When Jaggers is humiliating/tormenting Molly (Estella’s mother): “‘There’s power here,’ said Mr. Jaggers, coolly tracing out the sinews with his forefinger.”

And: “I was beginning to express my gratitude to my benefactor for the great liberality with which I was treated, when Mr. Jaggers stopped me. ‘I am not paid, Pip,’ said he, coolly, ‘to carry your words to any one’…”

Pip never calls Estella’s behvaior “cool,” though. “Cold,” but not cool. “Estella was always about, and always let me in and out, but never told me I might kiss her again. Sometimes, she would coldly tolerate me; sometimes, she would condescend to me; sometimes, she would be quite familiar with me; sometimes, she would tell me energetically that she hated me.” The over-rational Jaggers is cool; the irrational Estella cold.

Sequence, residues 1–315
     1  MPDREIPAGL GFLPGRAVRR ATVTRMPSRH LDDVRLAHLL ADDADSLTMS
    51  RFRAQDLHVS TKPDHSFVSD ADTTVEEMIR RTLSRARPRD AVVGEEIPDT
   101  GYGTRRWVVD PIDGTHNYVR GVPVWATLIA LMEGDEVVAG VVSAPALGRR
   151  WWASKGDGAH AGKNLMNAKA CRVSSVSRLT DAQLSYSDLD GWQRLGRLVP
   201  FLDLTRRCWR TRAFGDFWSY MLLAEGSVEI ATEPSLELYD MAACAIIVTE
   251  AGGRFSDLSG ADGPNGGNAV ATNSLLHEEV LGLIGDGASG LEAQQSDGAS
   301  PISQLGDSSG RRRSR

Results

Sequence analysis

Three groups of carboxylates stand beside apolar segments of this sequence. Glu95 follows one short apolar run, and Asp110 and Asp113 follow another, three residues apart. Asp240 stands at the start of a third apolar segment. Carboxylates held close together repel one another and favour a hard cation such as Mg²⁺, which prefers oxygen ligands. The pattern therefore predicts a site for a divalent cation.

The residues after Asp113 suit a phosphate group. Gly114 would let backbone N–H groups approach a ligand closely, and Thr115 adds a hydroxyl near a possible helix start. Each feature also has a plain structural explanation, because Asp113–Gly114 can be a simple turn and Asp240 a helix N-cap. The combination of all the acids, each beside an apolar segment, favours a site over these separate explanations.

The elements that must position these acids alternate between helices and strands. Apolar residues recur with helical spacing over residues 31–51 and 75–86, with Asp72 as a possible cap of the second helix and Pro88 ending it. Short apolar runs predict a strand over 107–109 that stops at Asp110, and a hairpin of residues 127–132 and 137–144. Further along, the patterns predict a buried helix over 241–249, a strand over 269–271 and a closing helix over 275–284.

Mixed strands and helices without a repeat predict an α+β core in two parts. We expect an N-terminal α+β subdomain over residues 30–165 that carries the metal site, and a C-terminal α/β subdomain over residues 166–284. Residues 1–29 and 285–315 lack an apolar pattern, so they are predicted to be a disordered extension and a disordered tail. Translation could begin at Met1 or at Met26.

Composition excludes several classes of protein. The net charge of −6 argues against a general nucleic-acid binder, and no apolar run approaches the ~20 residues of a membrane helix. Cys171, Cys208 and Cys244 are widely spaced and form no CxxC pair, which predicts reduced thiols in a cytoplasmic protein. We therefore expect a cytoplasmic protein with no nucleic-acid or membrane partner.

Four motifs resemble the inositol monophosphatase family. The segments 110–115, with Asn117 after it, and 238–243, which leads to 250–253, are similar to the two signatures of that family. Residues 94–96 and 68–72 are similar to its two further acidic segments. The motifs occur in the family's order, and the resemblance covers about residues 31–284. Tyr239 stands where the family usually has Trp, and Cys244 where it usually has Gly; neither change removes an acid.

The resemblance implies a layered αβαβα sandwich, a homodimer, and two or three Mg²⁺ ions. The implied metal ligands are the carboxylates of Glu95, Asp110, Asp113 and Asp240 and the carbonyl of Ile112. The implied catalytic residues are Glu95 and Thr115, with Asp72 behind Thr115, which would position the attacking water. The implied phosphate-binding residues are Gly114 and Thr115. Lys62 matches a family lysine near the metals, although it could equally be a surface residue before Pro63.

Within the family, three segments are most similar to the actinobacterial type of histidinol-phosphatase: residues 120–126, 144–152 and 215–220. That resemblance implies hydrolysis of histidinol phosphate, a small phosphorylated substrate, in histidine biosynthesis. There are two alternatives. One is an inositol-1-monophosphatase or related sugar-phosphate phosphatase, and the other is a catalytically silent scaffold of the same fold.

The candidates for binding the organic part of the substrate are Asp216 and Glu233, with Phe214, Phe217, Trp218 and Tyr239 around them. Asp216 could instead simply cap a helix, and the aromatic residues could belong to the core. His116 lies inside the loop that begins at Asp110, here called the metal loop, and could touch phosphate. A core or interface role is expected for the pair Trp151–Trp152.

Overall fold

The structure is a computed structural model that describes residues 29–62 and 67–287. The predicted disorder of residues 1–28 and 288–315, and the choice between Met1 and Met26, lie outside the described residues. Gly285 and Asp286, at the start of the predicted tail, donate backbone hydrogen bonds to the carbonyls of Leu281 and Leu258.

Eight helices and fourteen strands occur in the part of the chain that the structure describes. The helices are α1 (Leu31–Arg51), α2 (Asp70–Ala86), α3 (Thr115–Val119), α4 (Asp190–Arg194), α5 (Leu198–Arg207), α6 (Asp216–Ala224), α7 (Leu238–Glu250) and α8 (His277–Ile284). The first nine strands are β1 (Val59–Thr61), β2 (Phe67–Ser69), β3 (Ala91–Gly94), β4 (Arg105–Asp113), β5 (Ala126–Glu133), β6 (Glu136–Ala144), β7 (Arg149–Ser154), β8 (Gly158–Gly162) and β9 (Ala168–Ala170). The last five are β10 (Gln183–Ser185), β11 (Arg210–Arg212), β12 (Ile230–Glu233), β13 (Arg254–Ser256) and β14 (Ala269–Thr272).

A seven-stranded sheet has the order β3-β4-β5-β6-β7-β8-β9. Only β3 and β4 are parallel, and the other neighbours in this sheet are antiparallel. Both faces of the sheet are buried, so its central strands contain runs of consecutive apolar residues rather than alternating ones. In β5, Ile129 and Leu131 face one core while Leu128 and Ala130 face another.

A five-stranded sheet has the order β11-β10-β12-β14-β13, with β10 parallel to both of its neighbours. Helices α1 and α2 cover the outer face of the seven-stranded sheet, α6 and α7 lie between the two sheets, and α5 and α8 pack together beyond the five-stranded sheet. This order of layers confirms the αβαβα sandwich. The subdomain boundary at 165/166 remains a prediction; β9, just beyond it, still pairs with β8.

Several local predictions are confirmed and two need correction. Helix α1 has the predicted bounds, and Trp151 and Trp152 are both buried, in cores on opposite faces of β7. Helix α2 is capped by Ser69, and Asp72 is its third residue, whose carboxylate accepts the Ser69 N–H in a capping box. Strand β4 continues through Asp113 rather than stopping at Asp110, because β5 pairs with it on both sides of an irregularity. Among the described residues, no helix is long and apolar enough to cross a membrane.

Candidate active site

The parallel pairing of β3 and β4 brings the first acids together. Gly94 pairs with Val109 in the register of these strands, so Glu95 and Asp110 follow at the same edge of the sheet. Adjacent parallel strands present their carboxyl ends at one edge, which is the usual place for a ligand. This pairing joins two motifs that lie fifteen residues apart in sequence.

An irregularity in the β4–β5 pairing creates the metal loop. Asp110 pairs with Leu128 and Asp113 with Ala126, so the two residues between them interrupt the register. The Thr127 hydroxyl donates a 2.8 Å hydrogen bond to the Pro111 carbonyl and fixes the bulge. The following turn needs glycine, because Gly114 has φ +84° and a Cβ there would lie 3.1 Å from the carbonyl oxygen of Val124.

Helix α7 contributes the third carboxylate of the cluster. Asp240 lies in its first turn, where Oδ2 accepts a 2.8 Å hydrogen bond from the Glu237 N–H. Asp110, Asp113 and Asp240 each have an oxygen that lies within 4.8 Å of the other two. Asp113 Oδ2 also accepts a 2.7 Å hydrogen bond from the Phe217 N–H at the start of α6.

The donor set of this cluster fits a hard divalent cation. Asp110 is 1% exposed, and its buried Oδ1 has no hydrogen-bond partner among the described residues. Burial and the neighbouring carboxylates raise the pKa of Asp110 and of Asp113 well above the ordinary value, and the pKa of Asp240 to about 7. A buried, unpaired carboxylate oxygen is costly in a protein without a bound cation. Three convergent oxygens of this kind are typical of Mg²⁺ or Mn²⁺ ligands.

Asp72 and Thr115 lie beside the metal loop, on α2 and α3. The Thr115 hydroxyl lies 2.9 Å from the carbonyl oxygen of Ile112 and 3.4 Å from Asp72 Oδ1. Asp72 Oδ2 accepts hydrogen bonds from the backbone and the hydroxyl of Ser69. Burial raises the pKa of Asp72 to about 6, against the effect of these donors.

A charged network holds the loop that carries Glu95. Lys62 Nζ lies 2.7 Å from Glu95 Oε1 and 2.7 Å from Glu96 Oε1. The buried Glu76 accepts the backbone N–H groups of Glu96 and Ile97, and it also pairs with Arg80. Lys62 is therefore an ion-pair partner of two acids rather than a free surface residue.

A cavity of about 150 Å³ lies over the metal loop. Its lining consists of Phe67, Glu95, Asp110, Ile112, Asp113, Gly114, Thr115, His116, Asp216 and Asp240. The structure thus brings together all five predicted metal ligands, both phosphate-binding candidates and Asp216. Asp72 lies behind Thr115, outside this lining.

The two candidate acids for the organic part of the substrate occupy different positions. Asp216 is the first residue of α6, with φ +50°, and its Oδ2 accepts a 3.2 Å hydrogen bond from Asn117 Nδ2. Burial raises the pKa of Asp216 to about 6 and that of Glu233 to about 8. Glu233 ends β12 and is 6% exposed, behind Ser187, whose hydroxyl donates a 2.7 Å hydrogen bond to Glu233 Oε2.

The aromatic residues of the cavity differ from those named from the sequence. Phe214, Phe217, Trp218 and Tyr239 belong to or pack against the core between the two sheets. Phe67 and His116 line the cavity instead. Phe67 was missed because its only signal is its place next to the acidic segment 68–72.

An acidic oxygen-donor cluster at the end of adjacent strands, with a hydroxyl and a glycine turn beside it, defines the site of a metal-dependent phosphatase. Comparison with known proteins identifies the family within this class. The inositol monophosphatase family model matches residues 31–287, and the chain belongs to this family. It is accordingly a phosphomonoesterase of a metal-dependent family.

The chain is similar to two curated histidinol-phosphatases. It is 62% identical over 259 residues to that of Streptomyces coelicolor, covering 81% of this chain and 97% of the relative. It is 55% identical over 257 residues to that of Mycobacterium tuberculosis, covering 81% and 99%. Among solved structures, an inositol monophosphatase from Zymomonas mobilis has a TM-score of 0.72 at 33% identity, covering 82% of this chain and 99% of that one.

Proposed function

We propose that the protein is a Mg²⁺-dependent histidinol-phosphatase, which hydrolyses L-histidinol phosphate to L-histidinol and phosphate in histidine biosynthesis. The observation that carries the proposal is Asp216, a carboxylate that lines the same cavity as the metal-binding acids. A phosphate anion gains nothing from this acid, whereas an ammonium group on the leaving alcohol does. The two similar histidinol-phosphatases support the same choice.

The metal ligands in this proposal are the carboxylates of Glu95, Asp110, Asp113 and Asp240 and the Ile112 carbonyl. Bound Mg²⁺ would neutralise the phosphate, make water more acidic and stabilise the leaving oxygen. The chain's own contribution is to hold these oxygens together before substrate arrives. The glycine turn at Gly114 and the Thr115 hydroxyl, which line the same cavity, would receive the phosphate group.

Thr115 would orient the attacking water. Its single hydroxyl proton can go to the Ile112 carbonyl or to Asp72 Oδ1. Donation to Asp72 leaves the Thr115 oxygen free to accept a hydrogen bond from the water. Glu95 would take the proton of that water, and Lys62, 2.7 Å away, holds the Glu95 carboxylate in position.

And then there’s money. When Jaggers first gives him some of his inheritance, Pip recounts: Jaggers “produced a long purse, with the greatest coolness, and counted them [twenty guineas] out on the table and pushed them over to me.” And when Pip tries (unsuccessfully) to become more like Jaggers, he recounts: “I established with myself, on these occasions, the reputation of a first-rate man of business,—prompt, decisive, energetic, clear, cool-headed.” Of course, he is anything but cool-headed; like Joe, whose place in Pip’s emotional life Jaggers is unable to usurp, Pip is warm.

So when Joe calls a sum of money a “cool four thousand,” Pip is only affecting not to understand how a sum can be cool. Joe is mistakenly equating coolness with sophistication and worldly wisdom — just as he (Pip) formerly had a manifest relish in insisting that his business-head was a cool one.